–Chief Justice Khosa discusses deficiencies in criminal justice system with all police chiefs
–Key stakeholders, general public unaware of report on police reforms, says CJP
ISLAMABAD: With a view to address the deficiencies in the current criminal justice system in the country especially in the context of police laws, Chief Justice of Pakistan (CJP) Asif Saeed Khan Khosa on Monday constituted a police reforms committee with the mandate to examine the relevant laws and to suggest recommendations.
It is pertinent to mention that during its meeting on January 7, 2019, a committee had principally decided that the police reforms may be prioritised for implementation and in this context, the complaint redressal mechanism and police investigation may be taken up first.
While chairing a meeting of the committee, Chief Justice Khosa, who is also chairman of Law and Justice Commission of Pakistan (LJCP), underscored the dire need for training of the investigation officers and prosecutors. The chief justice said such programmes should be carried out in the judicial academies across the country in order to improve their professional standards.
While pointing out gray area in investigations, the CJP emphasised upon probing agencies to chalk out such mechanism of investigation that not only the culprits of the offence are pointed out but they be convicted under the relevant provisions of law by providing the truthful evidence and the apprehension of false evidence be totally eliminated.
During the meeting, agenda items for discussion included implementation of public complaints redressal mechanism; measures to improve quality of investigation; and criminal justice reforms. The meeting was attended by Amjad Javed Saleemi, Punjab Inspector General of Police (IGP), Dr Naeem Khan, KP IGP, S K Imam, Sindh IGP, Mohsin A Butt, Balochistan IGP, Amir Zulifiqar Khan, Islamabad IGP, Salahauddin Khan, Azad Jammu and Kashmir (AJK) IGP, Sana Ullah Abbasi, Gilgit-Baltistan IGP, and former police chiefs Tariq Khosa, Shoukat Javed, Tariq Parvez, Dr Shoaib Suddle, Syed Masud Shah, and Afzal Ali Shigri who gave presentations to the committee.
Welcoming the participants of the meeting, LJCP Secretary Dr Muhammad Raheem Awan gave a brief background of the working of police reforms committee and agenda of the meeting.
Chief Justice Asif Saeed Khan Khosa expressed in his opening remarks that despite launching of the police reforms committee report, the key stakeholders of the criminal justice system and the general public are not still aware of the contents of the same.
The CJP issued directives to LJCP secretary to convene a meeting of the relevant stakeholders of the criminal justice system for a comprehensive briefing about the contents and purposes of the report.
PRESENTATIONS BY POLICE CHIEFS:
During the meeting of the committee, the Punjab IGP informed that the complaints redressal mechanism has already been operationalised after the direction of the steering committee on police reforms dated 29 October 2018.
“The complaints are being received through email, post, by hand, through dedicated phone numbers and other means of communication for convenience and to facilitate the general public for speedy and expeditious redressal of grievances, being faced by them,” he added.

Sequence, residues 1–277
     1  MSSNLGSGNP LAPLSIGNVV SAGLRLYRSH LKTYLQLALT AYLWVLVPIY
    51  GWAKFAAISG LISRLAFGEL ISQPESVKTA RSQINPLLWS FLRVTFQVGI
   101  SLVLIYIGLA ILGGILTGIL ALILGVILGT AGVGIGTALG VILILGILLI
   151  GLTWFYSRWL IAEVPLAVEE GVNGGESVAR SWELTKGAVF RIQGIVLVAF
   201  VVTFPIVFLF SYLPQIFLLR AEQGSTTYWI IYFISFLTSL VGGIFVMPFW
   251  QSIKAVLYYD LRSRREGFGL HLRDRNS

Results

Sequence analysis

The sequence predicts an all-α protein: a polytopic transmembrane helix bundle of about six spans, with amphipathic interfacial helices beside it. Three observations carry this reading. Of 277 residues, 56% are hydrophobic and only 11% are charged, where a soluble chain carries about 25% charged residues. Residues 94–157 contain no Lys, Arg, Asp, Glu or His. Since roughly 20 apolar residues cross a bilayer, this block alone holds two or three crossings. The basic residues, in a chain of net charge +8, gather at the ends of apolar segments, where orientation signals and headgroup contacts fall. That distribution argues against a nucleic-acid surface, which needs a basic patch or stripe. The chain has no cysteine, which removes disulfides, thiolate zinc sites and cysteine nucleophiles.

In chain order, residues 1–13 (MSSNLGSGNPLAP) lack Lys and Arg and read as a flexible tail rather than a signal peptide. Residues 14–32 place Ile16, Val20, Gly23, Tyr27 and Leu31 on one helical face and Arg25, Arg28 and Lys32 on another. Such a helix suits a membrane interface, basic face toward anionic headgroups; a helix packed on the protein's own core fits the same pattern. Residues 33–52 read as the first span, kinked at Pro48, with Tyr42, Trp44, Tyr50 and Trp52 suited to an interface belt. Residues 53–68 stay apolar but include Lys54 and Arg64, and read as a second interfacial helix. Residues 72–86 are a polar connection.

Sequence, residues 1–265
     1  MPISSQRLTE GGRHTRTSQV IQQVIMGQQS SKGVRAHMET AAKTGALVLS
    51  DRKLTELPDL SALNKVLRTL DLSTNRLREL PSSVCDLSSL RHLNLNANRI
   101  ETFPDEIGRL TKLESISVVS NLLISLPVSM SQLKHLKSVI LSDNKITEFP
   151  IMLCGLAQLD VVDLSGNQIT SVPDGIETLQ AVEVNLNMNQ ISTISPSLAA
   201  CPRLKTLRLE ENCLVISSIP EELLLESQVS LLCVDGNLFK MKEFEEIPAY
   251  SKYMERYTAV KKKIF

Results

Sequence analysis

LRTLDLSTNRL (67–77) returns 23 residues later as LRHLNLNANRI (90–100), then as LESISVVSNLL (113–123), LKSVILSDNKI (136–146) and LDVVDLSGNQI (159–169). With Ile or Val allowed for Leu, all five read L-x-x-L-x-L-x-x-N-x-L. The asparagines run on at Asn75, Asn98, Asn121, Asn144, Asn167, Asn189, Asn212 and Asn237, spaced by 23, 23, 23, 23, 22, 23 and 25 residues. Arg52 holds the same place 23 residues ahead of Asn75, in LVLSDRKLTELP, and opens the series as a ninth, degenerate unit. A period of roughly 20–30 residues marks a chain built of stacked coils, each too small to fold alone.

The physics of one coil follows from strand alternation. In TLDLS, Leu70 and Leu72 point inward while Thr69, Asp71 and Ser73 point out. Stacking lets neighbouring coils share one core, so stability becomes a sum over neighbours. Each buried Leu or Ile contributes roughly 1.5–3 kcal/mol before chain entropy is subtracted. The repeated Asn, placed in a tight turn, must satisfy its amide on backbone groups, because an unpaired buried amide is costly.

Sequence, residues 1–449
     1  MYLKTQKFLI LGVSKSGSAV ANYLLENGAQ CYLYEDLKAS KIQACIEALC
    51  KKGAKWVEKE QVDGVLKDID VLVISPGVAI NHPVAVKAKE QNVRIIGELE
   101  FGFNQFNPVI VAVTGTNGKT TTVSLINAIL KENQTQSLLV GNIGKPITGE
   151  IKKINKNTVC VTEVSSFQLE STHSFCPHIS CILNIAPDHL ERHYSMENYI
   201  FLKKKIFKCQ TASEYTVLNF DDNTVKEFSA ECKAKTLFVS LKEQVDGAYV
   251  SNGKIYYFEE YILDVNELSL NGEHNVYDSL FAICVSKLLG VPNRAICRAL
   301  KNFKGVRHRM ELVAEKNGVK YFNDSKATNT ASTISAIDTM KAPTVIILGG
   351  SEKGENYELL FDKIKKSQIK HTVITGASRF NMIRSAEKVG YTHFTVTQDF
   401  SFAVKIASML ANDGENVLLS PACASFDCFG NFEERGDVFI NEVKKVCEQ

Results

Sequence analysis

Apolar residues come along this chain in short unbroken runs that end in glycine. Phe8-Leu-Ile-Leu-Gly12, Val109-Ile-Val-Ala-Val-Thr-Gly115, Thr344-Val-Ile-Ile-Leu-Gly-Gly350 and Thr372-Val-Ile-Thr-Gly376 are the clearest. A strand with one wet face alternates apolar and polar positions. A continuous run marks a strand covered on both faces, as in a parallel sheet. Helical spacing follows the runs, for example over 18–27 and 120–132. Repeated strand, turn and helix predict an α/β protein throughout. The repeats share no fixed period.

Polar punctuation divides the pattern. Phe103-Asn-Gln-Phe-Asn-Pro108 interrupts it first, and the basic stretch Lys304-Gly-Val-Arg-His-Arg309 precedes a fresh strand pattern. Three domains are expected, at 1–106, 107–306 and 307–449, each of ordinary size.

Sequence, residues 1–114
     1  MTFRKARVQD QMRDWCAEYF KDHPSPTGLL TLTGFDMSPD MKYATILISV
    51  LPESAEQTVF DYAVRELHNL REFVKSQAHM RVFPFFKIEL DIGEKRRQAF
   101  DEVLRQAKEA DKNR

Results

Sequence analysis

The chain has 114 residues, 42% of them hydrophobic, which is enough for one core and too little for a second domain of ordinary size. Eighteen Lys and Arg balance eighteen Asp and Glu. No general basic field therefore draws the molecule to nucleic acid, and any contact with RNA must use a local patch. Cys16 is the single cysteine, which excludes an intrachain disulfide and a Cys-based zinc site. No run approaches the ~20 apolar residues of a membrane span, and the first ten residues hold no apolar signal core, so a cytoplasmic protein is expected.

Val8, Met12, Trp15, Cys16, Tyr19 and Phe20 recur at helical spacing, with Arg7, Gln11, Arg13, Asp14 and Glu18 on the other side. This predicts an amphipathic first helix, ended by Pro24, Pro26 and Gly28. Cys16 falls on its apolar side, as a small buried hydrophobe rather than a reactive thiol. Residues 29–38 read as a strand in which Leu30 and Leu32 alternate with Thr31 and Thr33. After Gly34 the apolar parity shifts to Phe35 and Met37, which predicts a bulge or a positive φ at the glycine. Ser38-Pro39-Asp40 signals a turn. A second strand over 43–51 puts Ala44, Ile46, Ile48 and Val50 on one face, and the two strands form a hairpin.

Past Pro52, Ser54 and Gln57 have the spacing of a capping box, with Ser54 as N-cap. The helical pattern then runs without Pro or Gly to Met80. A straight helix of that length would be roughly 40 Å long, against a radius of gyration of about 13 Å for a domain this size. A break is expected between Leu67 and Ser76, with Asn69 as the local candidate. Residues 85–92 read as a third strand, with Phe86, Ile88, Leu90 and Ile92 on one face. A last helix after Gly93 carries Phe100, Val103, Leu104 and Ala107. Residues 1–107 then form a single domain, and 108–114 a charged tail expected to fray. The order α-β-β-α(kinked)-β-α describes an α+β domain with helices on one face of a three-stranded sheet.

The Punjab IGP informed that around 163 complaints are being received per day to the fulltime designated police officers. He further stated that a total of 11,436 complaints were received for the period from December 1, 2018, to February 8, 2019, and 7,382 complaints have been disposed of while 4,054 are under process.
The Sindh IGP informed that 21,218 complaints were pending on December 31, 2018, and the number of complaints received in January 2019 was 2,324. He further stated that the total pendency was 23,542. He further informed that as many as 17,313 complaints were disposed of in January 2019 and the pendency as on February 1, 2019, was recorded as 6,229.
The KP IGP informed that during January 2019, a total number of 1,573 complaints were received, adding that as many as 1,037 complaints have been disposed of till January 31, 2019, while 536 are pending.
Likewise, the Balochistan IGP said that so far, a total of 117 complaints have been received saying from which as many as 72 have been disposed of whereas 45 complaints are under process.
The Islamabad IGP informed that for the period November 1, 2018, till date a total of 3,845 complaints have been received whereas as many as 3,283 complaints have been redressed while 250 are in process.
The Gilgit-Baltistan IGP informed that only 15 complaints have been received and 10 have been resolved while five are pending.
After these presentations, the committee deliberated that such complaints redressal mechanism will provide speedy and expeditious redressal to the complaints of the general public at their own doorstep and would also decrease the burden/backlog of the courts of law in the shape of 22-A and 22-B of the Code of Criminal Procedure, 1898, and writ petitions of similar nature.
The LJCP secretary stated that the secretariat of the LJCP can engage with the federal and provincial judicial academies in arranging modules/courses for improvement of the professional standards of the investigation. The committee resolved that in its next meeting measures to improve the quality of investigation will be deliberated upon.